Silver has been used in many different forms since Roman times and is today becoming increasingly recognised for its versatility and effectiveness as a natural antibacterial mineral.  In fact, in the 18th century, babies fed with silver spoons were believed to be healthier than those fed with utensils made from alternative materials, hence the term ‘born with a silver spoon in the mouth.’  In those days, it was commonly believed that silver improved health and longevity, and English nobility frequently ate with silver cutlery and drank from silver tankards for that reason!

Natural properties of silver

So just how is silver antibacterial?  It is thought that silver’s antibacterial action is attributable to the silver ions, which are thought to be able to bind to the DNA and to the spores of the bacteria, preventing them from reproducing and spreading.  The mineral is also believed to be able to kill bacteria by interfering with the bacteria’s cell wall and preventing the transportation of oxygen.

Storage and preservation uses

The use of silver as an antimicrobial agent began many years before the English nobility insisted on silver cutlery.  In fact, Herodotus, the ‘Father of History,’ accounts that no Persian king, including Cirrus, would drink water that was not transported in silver containers, which kept the water fresh for years.  This was especially important during military conflicts, when fresh water from natural sources was not available.  It was also common to drop silver coins into the water container to preserve it, a preservation method which was also used for milk.

Medical Uses

As silver increasingly became more recognised as a versatile and effective antibacterial, it began to be used by the medical industry, and was often used to combat infection prior to the development of antibiotics.  It was reportedly used to improve a breadth of conditions such as ulcers, wound healing, gingivitis, blepharitis and infectious diseases.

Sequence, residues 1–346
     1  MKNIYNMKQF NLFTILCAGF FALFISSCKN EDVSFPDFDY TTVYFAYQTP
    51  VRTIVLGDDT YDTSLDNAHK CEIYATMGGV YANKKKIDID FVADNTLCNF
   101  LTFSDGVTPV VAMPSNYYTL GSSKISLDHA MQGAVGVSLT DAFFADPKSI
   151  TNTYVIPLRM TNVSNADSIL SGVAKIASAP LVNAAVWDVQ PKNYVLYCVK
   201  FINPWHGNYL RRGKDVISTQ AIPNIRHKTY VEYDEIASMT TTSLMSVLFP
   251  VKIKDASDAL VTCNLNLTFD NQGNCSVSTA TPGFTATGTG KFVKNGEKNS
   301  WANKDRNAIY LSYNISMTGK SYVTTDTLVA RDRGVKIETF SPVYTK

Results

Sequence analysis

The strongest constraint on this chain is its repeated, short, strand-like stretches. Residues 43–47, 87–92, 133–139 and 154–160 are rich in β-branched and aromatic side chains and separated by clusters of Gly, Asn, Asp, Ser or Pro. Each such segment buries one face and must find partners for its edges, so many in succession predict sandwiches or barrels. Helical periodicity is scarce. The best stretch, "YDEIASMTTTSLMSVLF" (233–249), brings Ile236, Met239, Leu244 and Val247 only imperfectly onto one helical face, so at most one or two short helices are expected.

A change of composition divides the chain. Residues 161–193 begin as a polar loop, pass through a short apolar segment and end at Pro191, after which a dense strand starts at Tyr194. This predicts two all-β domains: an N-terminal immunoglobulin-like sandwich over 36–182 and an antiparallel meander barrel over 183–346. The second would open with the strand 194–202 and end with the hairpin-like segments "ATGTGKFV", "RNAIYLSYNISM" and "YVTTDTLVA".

Dr William Halsted (1852-1922) was an influential and innovative surgeon, and advocated the use of silver in surgery to prevent wound infections.  This led to the use of silver in wound dressings, urinary catheters and even endotracheal tubes, which are used for keeping airways open during surgery.  The use of this versatile mineral declined following the introduction of pharmaceutical antibiotics, EU regulations on silver have more recently influenced people’s choices. 

When using silver, it is important to look for a high quality medical grade colloidal silver solution, with a small particle size to ensure that there is a proportionately large surface area for optimal effectiveness.  Look for a silver which is made from a minimum of 99% medical grade silver which has been created via a professional water purification process.  Purchasing silver in a glass spray bottle is a good idea so that you can use it when traveling, around the home or in the office.

Sometimes it’s worth remembering that the old remedies can be very effective, especially those with a history as successful as silver.

By Emily Hammond, Nutritional Therapist BA, Dip CNM, mBANT


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